We arrange the image data in the LCD panel and the DBLU light paths for continuity in the horizontal direction (see Figure 2). In our experiments, for each viewpoint, the observed image is composed of four sequential sets of four spatially overlapping subimages. For the viewer to observe the complete 3D image, a sufficiently high refresh rate is needed to induce afterimages in the human visual system such that the sequential sets of subimages appear blended together. Four different 3D images are shown at four viewpoints with full high-definition resolution using a 120Hz LCD display with a DBLU module. Our system displays the entire 3D image with an overall refresh rate of 30Hz.
Figure 2. Principles of the proposed vertical line dithering method. The backlight unit (BLU) is composed of a lens array and backlit pattern. In each BLU pattern, the white bars represent optical sources (line sources). Lenses and the relative positions of the LCD and the optical sources control which LCD pixels are visible from different viewpoints.
Figure 3 compares the dot dithering and our proposed vertical line dithering method with the conventional method. For each viewpoint, the perceived images—over a period long enough for all of the time-sequential images to have been shown and perceived as merged into one—are expected to be A, B, C, and D. Within the central lobe, all of the three methods (conventional, vertical line dithering, and dot dithering) provide the correct images at each viewpoint. However, for the side lobes, the dot dithering method shows different (distorted) images (B and C, rather than C and D). The proposed vertical line dithering provides exact image information. We conclude that vertical line dithering successfully resolves the image distortion problem in side lobes and also expands the viewing region compared with the conventional method while conserving the advantage of suppressing flicker. We now plan to optimize the performance of the DBLU system for the best perceived image quality with the available hardware.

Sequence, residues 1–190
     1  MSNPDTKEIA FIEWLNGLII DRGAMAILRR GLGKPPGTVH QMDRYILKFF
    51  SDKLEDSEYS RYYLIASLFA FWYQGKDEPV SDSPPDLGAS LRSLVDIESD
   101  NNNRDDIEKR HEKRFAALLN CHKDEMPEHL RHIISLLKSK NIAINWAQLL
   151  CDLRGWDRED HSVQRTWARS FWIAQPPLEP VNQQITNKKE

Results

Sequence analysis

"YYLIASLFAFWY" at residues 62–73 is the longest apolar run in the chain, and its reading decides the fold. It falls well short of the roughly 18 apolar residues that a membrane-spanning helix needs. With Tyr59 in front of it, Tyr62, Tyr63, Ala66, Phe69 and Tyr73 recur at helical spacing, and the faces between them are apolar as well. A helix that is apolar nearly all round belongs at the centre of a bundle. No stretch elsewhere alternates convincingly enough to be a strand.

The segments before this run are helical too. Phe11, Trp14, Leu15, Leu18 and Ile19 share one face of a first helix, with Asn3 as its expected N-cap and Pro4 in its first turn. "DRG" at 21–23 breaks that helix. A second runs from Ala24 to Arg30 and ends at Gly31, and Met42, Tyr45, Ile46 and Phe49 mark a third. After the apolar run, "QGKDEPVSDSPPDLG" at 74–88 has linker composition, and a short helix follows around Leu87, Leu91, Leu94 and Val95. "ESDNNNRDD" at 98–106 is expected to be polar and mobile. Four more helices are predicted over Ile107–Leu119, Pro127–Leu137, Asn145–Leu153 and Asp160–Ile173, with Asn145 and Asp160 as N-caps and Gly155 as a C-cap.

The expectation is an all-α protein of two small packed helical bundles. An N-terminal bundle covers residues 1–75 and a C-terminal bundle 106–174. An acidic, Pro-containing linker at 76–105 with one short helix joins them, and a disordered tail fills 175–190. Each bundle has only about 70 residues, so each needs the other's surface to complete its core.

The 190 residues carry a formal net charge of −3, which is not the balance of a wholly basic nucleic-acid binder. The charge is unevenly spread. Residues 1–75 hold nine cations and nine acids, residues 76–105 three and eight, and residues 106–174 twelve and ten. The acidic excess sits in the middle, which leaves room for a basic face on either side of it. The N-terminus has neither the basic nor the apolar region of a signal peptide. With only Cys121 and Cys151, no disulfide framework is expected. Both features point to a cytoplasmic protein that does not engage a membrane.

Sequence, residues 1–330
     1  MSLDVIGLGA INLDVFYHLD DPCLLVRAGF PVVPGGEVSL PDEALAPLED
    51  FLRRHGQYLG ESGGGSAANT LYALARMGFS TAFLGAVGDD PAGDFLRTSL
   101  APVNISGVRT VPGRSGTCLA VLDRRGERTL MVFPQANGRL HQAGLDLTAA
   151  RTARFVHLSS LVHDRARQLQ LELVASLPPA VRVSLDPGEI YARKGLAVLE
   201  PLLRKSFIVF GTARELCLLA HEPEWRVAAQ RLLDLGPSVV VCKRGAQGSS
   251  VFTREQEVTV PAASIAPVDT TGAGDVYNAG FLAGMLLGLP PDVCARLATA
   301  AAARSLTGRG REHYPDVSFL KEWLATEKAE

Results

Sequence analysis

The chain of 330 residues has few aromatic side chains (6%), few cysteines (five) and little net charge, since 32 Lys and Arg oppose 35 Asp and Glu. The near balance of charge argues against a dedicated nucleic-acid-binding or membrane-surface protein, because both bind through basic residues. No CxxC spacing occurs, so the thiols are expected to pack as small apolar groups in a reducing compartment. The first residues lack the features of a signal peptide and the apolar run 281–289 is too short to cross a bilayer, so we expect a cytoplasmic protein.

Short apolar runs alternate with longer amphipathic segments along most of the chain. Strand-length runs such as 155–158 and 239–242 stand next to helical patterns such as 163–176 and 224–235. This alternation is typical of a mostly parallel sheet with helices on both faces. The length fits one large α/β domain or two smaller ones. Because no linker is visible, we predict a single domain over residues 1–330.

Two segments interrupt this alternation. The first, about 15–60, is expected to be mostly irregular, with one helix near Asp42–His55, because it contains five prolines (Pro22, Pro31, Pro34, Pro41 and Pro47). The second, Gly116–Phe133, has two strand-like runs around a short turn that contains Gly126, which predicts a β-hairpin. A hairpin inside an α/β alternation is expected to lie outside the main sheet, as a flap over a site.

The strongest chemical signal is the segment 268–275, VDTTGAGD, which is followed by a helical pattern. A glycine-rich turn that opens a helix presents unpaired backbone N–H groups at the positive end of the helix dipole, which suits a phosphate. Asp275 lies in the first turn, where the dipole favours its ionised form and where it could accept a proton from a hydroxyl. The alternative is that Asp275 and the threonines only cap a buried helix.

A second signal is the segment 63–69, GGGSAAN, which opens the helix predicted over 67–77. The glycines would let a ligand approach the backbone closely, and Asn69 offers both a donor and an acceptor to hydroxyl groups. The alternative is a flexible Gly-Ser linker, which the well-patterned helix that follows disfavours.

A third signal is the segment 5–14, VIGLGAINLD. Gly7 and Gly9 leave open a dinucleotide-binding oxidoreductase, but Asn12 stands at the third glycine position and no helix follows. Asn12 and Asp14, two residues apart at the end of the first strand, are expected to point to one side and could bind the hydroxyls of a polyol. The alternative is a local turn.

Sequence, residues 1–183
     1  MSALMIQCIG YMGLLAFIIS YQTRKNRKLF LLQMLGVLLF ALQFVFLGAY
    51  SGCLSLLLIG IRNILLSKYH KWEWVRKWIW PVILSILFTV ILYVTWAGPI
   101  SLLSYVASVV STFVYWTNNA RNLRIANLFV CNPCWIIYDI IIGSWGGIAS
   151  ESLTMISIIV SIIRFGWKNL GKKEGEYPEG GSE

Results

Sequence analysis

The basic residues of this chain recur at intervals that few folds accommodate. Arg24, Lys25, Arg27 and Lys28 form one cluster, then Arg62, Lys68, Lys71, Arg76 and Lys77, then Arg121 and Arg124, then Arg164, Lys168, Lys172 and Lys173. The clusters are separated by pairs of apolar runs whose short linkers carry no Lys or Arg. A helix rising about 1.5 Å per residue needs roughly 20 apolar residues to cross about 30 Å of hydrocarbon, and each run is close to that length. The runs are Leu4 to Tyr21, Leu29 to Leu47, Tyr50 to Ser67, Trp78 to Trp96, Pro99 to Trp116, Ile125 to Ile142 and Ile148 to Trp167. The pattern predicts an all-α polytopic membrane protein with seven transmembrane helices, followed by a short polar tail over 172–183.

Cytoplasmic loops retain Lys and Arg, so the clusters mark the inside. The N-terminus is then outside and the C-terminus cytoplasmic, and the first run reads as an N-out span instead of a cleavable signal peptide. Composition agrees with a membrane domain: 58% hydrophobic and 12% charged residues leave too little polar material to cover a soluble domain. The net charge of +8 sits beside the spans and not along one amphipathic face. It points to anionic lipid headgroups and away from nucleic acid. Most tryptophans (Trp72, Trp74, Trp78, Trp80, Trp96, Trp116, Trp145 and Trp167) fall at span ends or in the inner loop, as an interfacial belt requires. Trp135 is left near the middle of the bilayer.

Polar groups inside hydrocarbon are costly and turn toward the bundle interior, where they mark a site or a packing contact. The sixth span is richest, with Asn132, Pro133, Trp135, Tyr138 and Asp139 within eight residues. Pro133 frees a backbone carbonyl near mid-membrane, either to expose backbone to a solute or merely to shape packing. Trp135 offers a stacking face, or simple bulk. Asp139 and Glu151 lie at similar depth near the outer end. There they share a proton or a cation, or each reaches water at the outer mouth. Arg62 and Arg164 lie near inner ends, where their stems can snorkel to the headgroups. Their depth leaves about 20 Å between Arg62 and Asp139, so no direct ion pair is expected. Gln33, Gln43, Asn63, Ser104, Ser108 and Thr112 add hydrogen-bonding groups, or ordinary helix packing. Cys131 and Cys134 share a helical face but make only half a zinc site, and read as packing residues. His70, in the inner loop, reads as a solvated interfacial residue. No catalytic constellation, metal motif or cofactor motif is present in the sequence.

Comparison of the images displayed at the different viewpoints numbered from 1 to 4 from left to right—for each of the left side lobe and central lobe as shown in Figure 1
—as they appear using the conventional time-sequential method with either dot dithering or vertical line dithering. (Only two viewpoints are shown for each side lobe, rather than four, because of space restrictions.)
Seoul, South Korea
Hee-Jin Choi received his PhD in electrical engineering and computer science in 2008 from Seoul National University, Korea. In 2010, he joined the faculty of the Department of Physics, Sejong University, Korea.
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3. C.-H. Yang, C.-Yi. Hsu, Y.-P. Huang, H.-P. D. Shieh, High resolution time-multiplexed backlight with tracking system for multi-user applicable wide-viewing auto-stereoscopic LCD, SID Int'l Symp. Digest Tech. Papers 43, p. 301-304, 2012.
4. H. Kwon, H.-J. Choi, A time-sequential multi-view autostereoscopic display without resolution loss using a multi-directional backlight unit and an LCD panel, Proc. SPIE
8288, p. 82881Y, 2012. doi:10.1117/12.907793
5. H.-J. Choi, M. Park, A time-sequential autostereoscopic 3D display using a vertical line dithering for utilizing the side lobes, Proc. SPIE
9271, p. 92710T, 2014. doi:10.1117/12.2072134